Posts Tagged ‘cork floors’

Of Wilco Posters and Sustainable Picture Frames…

Wilco Poster 2

One of the most enjoyable things you can do in life is stop and pay attention to how this connects to that, especially when like-mindedness is involved. 



In January 0f 2009, our very good friends Steve and Jana needed some help with cork and marmoleum floors.  We were seeking good content for our very young blog.  So I took a little trip to their home in Madison, WI and we banged out a couple of sustainable floors in a weekend, with the Flip Cam rolling of course.  The resulting blog post about DIY Cork and Marmoleum Floors is still our most popular post.  Thank you Steve and Jana!

What does this have to do with Wilco Posters?  Well, please bear with me for a few sentences and I’ll tie it together.  

In April of 2009 Mingyan Bao, who we met via Green Drinks and Redirect Guide networking events, was kind enough to guest blog about Sustainable Picture Frames for Your Art & Photographs.  This has since become the second most popular post on our blog.  Thank you Ming!

Back to Steve and Jana, and on to Wilco.  Last October, I met up with them in Chicago for a Wilco show at the UIC Pavillion.  And a fabulous show it was…30 songs total with a 10 song encore!  Here’s the set list  for you hardcore Wilco fans who may be reading this. 

Later, Steve informed me that the unique poster from the show was available for purchase at the store on Wilco’s website.  POW!  I knew we had to buy it and visit Ming’s shop in Loveland, CO to have her team work it into a sustainable picture frame.

It took us awhile to execute and blog about it, but we finally got the poster purchased and framed in a sustainable Framerica® product as you can see in the image above.  Between Ming’s magic on frame and border selection and dumb luck that the colors in the poster totally match our wall colors, we couldn’t be happier with the result.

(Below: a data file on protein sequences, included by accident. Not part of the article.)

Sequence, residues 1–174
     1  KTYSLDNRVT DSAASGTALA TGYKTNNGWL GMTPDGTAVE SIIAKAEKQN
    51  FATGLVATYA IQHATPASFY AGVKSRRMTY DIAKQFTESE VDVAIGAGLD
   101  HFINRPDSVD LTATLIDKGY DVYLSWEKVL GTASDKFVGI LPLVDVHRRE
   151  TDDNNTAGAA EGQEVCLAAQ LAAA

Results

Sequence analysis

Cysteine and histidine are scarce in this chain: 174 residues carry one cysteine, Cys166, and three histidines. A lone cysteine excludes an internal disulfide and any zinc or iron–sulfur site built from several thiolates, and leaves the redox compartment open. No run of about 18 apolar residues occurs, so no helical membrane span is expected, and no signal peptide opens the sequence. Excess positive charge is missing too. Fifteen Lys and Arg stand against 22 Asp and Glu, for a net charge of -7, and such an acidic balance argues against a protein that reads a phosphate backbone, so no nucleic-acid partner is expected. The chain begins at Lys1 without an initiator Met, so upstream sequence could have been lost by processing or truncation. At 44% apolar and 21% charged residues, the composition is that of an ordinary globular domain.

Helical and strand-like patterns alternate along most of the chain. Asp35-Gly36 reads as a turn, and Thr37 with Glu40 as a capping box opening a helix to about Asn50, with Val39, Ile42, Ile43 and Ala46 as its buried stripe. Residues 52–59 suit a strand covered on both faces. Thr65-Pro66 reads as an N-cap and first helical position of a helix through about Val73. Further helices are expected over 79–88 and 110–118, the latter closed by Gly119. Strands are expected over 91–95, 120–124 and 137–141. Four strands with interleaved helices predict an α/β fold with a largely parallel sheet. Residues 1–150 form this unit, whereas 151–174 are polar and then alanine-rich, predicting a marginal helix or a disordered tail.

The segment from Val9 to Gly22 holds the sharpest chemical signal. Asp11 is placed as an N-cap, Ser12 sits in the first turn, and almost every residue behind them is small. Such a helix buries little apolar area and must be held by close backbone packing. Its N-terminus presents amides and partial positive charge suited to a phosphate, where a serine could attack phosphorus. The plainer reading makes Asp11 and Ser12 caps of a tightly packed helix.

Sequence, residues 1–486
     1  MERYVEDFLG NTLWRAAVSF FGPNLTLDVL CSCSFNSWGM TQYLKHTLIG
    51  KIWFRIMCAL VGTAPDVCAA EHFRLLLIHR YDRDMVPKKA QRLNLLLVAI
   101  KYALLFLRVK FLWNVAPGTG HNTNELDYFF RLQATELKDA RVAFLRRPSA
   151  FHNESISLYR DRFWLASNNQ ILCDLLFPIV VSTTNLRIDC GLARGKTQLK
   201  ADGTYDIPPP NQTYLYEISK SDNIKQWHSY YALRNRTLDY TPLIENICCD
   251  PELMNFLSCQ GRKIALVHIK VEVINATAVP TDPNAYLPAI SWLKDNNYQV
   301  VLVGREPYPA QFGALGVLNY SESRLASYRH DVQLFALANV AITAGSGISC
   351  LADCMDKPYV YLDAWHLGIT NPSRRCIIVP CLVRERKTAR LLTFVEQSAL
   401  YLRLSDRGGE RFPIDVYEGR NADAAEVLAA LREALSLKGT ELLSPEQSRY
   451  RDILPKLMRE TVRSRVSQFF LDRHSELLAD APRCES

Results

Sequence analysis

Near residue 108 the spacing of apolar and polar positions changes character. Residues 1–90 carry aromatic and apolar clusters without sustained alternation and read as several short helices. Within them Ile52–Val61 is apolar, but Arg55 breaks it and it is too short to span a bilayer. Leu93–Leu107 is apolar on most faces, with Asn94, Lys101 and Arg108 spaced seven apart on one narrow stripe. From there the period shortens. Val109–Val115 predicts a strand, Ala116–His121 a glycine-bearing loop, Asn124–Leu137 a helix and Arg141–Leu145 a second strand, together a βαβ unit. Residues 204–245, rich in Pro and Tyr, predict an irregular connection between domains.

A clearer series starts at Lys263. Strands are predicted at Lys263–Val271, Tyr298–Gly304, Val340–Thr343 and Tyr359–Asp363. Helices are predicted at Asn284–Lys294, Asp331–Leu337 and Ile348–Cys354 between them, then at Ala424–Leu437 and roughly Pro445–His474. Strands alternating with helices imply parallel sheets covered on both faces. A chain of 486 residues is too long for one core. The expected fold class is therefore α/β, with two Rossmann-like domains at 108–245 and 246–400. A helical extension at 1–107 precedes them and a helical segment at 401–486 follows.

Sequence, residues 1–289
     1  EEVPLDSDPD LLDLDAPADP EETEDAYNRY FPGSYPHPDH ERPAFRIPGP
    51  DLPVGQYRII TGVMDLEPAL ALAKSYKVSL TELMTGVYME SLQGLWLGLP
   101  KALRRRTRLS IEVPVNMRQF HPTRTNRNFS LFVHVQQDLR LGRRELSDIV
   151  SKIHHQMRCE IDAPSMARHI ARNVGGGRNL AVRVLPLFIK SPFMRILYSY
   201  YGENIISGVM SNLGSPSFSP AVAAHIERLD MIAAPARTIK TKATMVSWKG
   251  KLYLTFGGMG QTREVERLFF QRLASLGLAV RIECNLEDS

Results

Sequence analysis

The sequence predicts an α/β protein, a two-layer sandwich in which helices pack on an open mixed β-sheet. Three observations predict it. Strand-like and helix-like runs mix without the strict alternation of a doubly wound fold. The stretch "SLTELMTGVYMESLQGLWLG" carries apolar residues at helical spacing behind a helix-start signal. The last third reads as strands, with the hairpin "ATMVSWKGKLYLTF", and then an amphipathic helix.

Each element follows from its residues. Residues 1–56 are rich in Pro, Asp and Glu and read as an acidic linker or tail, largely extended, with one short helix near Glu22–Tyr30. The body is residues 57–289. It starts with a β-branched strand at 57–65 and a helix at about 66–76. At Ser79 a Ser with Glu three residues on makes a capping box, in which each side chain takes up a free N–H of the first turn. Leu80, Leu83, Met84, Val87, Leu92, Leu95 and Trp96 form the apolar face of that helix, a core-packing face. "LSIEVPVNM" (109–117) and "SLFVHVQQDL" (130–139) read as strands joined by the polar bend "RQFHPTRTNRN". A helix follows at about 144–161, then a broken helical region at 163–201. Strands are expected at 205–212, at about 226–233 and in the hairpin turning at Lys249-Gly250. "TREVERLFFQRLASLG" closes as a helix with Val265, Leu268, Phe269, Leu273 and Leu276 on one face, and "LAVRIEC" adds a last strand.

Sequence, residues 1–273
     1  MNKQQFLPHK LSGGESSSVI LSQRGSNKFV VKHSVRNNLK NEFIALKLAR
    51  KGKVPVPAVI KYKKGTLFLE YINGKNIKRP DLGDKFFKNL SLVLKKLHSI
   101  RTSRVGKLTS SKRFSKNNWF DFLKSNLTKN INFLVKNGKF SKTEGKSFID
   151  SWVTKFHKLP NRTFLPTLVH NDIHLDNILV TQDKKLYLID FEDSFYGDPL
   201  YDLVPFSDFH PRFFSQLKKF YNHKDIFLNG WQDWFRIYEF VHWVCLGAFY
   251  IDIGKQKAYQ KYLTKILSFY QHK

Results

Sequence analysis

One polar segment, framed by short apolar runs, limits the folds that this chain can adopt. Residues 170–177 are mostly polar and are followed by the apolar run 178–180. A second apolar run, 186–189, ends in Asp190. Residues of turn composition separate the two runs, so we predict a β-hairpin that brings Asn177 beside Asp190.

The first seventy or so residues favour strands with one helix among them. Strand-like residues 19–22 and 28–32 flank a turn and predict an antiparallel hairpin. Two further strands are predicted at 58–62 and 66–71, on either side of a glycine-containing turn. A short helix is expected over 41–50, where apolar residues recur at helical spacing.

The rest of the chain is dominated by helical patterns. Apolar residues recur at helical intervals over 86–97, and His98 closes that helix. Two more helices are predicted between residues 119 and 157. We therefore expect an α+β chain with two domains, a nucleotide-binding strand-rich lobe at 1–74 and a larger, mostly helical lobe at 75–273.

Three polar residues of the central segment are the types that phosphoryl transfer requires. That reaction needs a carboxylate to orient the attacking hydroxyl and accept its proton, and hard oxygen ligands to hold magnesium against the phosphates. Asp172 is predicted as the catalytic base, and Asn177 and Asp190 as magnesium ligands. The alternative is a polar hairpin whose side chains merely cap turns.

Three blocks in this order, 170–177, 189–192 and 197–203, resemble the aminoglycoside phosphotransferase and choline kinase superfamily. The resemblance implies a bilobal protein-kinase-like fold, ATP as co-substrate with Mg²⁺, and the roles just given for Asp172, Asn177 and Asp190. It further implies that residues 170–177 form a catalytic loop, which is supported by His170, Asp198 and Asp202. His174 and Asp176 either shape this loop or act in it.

So fast-forward to February 19, 2010 and we’re at another Wilco show in Duluth, MN with Steve and Jana and other great longtime friends.  Now it looks like we’ve got another cool poster we need to buy from that show

It is important here to point out Wilco’s many causes.  Their posters, benefit shows, downloads for donation and so on support a long list of sustainability, community and global initiatives .  Thank you Wilco!  For making incredible music and making the world a better place in other ways as well.

OK, this post wouldn’t be complete without tying in Ariana and Evan, our great friends here in Ft. Collins who we also met via the Redirect Guide.  They were the ones who took me and Lara to our first Wilco show at Red Rocks last summer.  Thank you Ariana and Evan! 

It is worth noting that they are about to remodel their place and their project includes installing new cork floors, for which I have been recruited.  Funny how this connects to that!!


Sustainable Home Remodeling – Cork Floors and Zero VOC Paint

October 10, 2009 2 comments

Railing After Sustainable Remodeling ProjectIt is amazing what new flooring and paint can do to update your home.  And if you are concerned about the health of your family and that of the planet, it is nice to know that these days you can easily source eco-friendly paint and flooring materials.

In our first post for this Sustainable Home Remodeling Series, we pondered aloud whether a sustainable remodeling project could bring a 1970 split level home from decidedly dated to hip and comfortable.  Check out the before and after pictures below and let us know what you think.  If you like what you see, we’ve got more specifics on the cork and paint at the end of this post.  You may also find our post on DIY floating floor installation to be useful.

Living Room Before:
Living Room Before Sustainable Remodeling Project

Living Room After:
Living Room After Sustainable Remodeling Project

Family Room Before:
Family Room After Sustainable Remodeling Project

Family Room After:
Family Room After Sustainable Remodeling Project

Materials List

Living Room:

Family Room: